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Some people understand how international affairs work. They might not be in the hallowed halls of Whitehall, the Quai d’Orsay, or State Department. But what about Gurbanguly Berdimuhamedow?
He’s the president of Turkmenistan. That country struck a good deal with Russia in December 2007 because Moscow needs Turkmenistan’s natural gas the Russians were willing to pay $210 per thousand cubic meters. The Iranians paid $75.
Turkmenistan, presumably lacking world-class universities or proliferating pundits was able to do the math. It told the Iranians: We’re doubling the price.
Meir Javedanfar tells the story. Naturally, Iran refused, and naturally Turkmenistan stopped the supply. In the tough north Iran winter, massive numbers of Iranians went cold. Iranian President Mahmoud Ahmadinejad who walks over America, Britain, and France, refused to spend any money. A domestic crisis ensued; the supreme guide stepped in and gave an order.
Sure enough, in April 2008, Tehran agreed to Turkmenistan’s price. Turkmenistan won.
President Barack Obama says he is going to listen and learn from foreigners rather than arrogantly assuming America knows best. So remember the Berdimuhamedow Doctrine: Power works.
Imagine if Berdimuhamedow had given a speech explaining how he respected Iran and wanted to be its friend? Consider him apologizing for real or imagined past Turkmen misdeeds.
Berdimuhamedow didn’t say to the Iranians: I feel your pain. He inflicted pain.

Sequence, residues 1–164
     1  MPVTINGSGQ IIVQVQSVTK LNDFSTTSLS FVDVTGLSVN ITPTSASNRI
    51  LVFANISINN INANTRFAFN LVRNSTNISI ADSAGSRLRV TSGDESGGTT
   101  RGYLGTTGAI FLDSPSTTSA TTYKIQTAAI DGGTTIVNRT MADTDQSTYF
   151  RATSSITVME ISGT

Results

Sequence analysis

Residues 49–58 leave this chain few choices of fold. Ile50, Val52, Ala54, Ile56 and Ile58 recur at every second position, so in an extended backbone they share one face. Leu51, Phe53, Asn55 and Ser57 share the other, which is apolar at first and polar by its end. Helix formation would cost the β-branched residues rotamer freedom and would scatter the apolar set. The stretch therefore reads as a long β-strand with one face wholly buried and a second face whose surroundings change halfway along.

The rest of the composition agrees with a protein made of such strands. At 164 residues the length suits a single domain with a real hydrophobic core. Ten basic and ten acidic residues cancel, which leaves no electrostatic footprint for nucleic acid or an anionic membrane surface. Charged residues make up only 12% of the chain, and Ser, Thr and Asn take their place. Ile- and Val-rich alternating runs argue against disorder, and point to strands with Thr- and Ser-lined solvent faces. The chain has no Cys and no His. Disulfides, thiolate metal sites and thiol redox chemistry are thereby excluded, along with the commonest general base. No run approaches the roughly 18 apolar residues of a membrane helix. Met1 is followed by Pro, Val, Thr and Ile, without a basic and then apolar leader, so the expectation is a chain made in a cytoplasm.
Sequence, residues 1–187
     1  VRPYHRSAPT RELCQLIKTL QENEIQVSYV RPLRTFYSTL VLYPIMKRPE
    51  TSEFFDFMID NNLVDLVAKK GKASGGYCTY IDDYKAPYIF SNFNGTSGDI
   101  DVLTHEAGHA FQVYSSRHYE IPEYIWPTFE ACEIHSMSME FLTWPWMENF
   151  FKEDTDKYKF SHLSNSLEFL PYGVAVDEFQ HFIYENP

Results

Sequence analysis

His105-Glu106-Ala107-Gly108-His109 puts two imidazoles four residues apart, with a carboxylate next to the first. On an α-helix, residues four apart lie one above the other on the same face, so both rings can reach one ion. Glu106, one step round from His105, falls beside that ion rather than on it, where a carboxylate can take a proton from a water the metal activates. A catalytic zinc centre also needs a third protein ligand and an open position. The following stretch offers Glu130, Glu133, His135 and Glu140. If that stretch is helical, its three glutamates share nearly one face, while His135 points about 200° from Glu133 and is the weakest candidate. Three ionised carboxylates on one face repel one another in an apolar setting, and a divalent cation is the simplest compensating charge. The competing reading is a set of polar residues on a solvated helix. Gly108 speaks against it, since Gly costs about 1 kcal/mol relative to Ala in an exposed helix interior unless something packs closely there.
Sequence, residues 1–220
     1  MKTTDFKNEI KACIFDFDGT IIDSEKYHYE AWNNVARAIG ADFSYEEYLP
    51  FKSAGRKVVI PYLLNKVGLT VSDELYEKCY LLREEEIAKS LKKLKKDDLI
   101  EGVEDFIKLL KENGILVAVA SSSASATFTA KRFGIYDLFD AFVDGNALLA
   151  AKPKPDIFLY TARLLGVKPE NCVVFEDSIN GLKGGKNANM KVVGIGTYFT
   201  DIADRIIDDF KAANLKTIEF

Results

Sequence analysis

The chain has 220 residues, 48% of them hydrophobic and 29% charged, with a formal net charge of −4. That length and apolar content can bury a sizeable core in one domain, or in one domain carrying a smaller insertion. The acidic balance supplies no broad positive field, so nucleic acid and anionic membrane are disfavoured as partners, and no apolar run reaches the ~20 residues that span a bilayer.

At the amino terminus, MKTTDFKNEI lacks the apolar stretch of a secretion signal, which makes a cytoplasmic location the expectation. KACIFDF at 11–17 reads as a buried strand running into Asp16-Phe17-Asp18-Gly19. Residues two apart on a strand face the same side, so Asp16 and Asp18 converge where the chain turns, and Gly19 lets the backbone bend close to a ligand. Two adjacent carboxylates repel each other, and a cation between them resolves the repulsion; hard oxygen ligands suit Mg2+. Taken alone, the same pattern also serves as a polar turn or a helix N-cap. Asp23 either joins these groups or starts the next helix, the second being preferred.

Yes, that’s how it works. Of course, things might be different when Tehran gets nuclear weapons. But that won’t be because they have gained in empathy or been impressed at how nice a guy Obama is.
So yes, Mr. President listen to Berdimuhamedow. And while you’re at it, take a look at how your enemies operate in the Middle East, too. Imagine a powerful politician or ruler. On one side is a big powerful person saying: “Do what I want or I’ll kill you.” On the other side is another person who says to the bully, “I don’t believe in using violence and I want to be your friend.”
Now imagine an average Arab. On one side is a big powerful person who says, “I’m your brother and together we will smite the infidel. See all the victories I’ve won! See how the enemy is retreating!” And on the other side is someone who says, “I’m really a very nice guy and I respect you.”
During the Cold War, the Soviet Union was able to bully Finland so much that it surrendered large parts of its sovereignty. By now we should know that nice guys Finnish last.
Barry Rubin is director of the Global Research in International Affairs (GLORIA) Center and editor of the Middle East Review of International Affairs (MERIA) Journal. His latest books are The Israel-Arab Reader (seventh edition), with Walter Laqueur (Viking-Penguin); the paperback edition of The Truth About Syria (Palgrave-Macmillan); A Chronological History of Terrorism, with Judy Colp Rubin, (Sharpe); and The Long War for Freedom: The Arab Struggle for Democracy in the Middle East (Wiley). To read and subscribe to MERIA, GLORIA articles, or to order books, go to http://www.gloria-center.org. His blog, Rubin Reports is at http://rubinreports.blogspot.com/.